From the Lambing to the Wool

Words and  Music: Judy Small


Sue Ribado taught me this song of a woman so busy surviving she never had a moment to question the difficult life she chose as the wife of a cocky (or cockatoo) farmer. (AMM)


My father was a cocky as his father was before him

And I married me a cocky nearly fifty years ago

And I've lived here on this station

and I've seen the seasons changing

From the drought round to the flooding

From the lambing to the wool



            And there've been times when I wonder

            if it all was worth the doing

            And there've been times when I thought

            this was the finest place there is

            For though the life is never easy and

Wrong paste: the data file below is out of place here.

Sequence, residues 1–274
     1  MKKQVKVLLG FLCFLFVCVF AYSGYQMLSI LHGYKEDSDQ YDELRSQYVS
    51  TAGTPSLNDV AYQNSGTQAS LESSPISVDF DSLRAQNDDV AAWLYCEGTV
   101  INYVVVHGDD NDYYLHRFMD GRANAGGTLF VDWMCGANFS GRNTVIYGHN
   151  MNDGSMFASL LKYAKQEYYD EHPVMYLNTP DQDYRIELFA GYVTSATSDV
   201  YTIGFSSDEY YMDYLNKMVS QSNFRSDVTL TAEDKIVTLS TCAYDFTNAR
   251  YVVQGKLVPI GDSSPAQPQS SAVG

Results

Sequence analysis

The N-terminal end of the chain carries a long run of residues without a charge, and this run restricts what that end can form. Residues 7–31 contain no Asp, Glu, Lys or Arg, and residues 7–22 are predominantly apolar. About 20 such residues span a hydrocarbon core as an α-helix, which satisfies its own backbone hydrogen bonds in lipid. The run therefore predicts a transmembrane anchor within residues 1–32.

the hours are long and heavy

            I'm quite contented nowadays to have

            joined my life to his


Together through the thirties

while others' lives were broken

We worked from dawn to twilight

to hold on to what was ours

And at night we'd sit exhausted

and I'd stroke his dusty forehead

With him too tired to talk to me

and me to tired to care





Then the children came unbidden

bringing laughter to the homestead

And I thank the lord my sons were young

too young for battle then

And I counted myself lucky to lose no one

close to family

Though my neighbors lost their only son

sold up and moved to town




And the children have grown and

left me for careers in town and city

And I'm proud of them but sadly

for none chose station life

And now I smile to hear them talking

'bout the hard slog in the office

For when I think of working hard

I see a cocky and his wife





From the Lambing to the Wool is recorded on the album Harbors of Home